Chapter 20. Extending Rax

Rax provides a mechanism for easy extending its functionality: external functions and procedures. A function or procedure in Rax, can be declared as external using the following syntax:

<function_type> : <function_name> <- extern [ ( <external_function_name> [, <path_to_library> ) ]]

The external function name and the path to the library are optional. If the external function name is not provided, it is assumed to be the same as the function name. The path to the library should contain a full path to the library containing the implementation of the function, including the name of the library file, but excluding its extension. This is to preserve the portability of Rax scripts between different platforms. The file extension will be namely .dll on Windows, .so on Linux and FreeBSD and .dylib on OSX. To specify the path to the file, you can use the __EXE_PATH__ macro. If the path to the library is not provided, Rax will search in its current working directory, and it will assume that the library file name is the same as the name of the current script its executing, except for the file extension, and with a "rx_" prefix. For example:

    // PluginTest.rax
    [~,~,@,@,#,#,$,$,^,^,&,&,[#],[#],{#},{#}]: tupswap_arg;

    \tupswap_arg <- \tupswap_arg: tupswap  <- extern;

    \tupswap_arg <- \tupswap_arg: tupswap1 <- extern("tupswap");

    \tupswap_arg <- \tupswap_arg: tupswap2 <- extern("tupswap",

The above example illustrates three ways of declaring an external function. All three functions, tupswap, tupswap1 and tupswap2 refer to the same external function "tupswap" implemented in the rx_PluginTest.dll library. The rx_PluginTest.dll is located in the same directory as the Rax executable (__EXE_PATH__).

Similarly, output procedures can be implemented externally. For example, the graphical library in Rax is implemented as a set of external output procedures. The example below, is a declaration of one of the graphical procedures from the GraphicalEngine.rax file:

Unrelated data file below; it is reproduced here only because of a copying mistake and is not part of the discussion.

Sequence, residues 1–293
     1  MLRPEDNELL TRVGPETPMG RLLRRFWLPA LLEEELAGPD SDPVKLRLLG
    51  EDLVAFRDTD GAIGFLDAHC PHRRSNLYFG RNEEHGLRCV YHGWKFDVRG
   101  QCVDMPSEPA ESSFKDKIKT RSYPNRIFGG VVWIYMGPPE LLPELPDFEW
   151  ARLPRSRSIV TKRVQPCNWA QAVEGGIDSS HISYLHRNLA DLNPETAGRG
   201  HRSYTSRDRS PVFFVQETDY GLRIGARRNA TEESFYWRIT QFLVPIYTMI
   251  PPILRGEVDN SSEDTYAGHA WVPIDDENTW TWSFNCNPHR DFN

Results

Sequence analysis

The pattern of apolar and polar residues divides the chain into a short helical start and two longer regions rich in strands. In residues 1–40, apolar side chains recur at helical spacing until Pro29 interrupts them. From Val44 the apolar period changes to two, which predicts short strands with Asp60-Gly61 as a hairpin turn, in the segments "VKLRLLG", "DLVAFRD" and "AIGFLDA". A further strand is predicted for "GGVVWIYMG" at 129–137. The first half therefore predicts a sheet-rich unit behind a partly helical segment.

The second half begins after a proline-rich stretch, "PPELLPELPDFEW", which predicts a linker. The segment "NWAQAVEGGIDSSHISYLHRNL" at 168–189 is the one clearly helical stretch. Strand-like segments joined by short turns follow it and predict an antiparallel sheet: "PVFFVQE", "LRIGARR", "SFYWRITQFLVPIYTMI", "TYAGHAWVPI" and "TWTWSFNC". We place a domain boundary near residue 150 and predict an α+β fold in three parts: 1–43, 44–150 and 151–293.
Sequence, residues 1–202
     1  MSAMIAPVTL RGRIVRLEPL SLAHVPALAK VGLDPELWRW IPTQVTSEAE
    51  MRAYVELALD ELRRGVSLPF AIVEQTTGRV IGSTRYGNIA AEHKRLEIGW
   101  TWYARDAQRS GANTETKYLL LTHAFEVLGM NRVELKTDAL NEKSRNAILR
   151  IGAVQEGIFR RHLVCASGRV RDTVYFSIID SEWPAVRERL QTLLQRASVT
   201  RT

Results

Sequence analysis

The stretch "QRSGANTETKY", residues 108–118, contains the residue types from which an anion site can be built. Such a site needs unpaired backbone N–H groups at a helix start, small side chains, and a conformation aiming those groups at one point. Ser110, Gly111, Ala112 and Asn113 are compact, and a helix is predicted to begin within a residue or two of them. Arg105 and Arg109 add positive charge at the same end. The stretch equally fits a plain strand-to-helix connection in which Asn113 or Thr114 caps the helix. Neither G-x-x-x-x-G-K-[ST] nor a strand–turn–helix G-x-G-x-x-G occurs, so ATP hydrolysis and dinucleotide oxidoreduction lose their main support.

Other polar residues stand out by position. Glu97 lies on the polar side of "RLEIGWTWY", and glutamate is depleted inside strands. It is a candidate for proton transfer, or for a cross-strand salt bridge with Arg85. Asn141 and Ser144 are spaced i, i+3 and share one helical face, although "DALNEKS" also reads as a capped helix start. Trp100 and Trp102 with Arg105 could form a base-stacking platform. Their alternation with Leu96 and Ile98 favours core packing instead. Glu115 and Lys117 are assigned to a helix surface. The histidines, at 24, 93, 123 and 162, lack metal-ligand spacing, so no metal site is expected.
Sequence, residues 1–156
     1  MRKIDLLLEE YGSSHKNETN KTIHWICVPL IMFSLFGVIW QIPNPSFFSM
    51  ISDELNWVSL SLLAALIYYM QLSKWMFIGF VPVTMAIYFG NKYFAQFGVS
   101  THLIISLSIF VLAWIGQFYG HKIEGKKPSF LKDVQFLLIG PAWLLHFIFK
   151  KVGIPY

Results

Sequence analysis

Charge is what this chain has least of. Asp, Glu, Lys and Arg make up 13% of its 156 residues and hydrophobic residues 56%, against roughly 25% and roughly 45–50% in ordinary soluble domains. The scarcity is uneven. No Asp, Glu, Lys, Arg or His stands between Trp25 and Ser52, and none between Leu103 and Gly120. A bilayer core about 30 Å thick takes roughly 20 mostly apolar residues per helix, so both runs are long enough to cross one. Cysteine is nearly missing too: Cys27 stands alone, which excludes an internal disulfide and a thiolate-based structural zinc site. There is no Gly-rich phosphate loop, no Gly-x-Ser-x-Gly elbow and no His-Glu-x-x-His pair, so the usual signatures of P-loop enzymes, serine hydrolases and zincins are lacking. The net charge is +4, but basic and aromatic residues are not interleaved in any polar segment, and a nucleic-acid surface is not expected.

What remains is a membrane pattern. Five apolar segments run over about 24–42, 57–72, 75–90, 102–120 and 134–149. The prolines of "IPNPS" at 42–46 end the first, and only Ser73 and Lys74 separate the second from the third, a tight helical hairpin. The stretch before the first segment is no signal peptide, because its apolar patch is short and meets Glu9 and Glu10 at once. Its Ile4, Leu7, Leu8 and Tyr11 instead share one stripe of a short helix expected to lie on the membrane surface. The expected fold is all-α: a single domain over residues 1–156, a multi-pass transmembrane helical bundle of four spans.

` <- [&*2] : `lineto <- extern("Plineto",

Rax provides a C API that allows easy manipulating of Rax types and data structures. To have access to this API, rax.h and rax_extern.h need to be included. rax.h contains the definitions of basic types used in Rax and rax_extern.h contains the signatures of the Rax API functions. Let us first take a look at the implementation of a simple scalar function "logistic":

    // rx_Logistic.c
    // author: jms
    // The implementation of the logistic function
    rx_logistic(u_rax_value_t *p_out, const u_rax_value_t in,
                rax_type_t type_out, rax_type_t type_in,
                void *rax_api_ftab[])
      u_rax_value_t *av = rax_value_tuple_array_ref(in);

      p_out->rax_real= av[0].rax_real*(-1 + 2/(1 + exp(-av[1].rax_real * av[2].rax_real)));

      return NULL; /* No errors to report. */

The first thing to notice in this example is the external function signature, which always has the form:

    rx_[funcname](u_rax_value_t *p_out, const u_rax_value_t in,
                  rax_type_t type_out, rax_type_t type_in,
                  void *rax_api_ftab[])

where '[funcname]' is the name of the external function. The in parameter describes the function's input value. This value is of type u_rax_value_t which is defined in rax.h and is a union that can store Rax values of all types. You can extract values of various types from this union in the following way:

    u_rax_value_t v;
    rax_number_t n = v.rax_number;
    rax_real_t   r = v.rax_real;
    rax_string_t s = v.rax_string;
    rax_oset_t   o = v.rax_oset;
    // etc.

In the above example, the input parameter is of type tuple. Rax API provides a function to extract tuple fields from a tuple:

u_rax_value_t *rax_value_tuple_array_ref(v_tuple); 
u_rax_value_t v_tuple;

This function returns an array of rax values (of type u_rax_value_t), representing values in the tuple fields.

The p_out parameter is a pointer to the variable, in which you have to store the output value of the function. In this case, the return value is a simple real, so we can store it in a simple way:

  p_out->rax_real = ...

In more complex scenarios, we might need to build a value of a composite type (tuple or set). Below an example of the 'tupswap' function, that returns a tuple: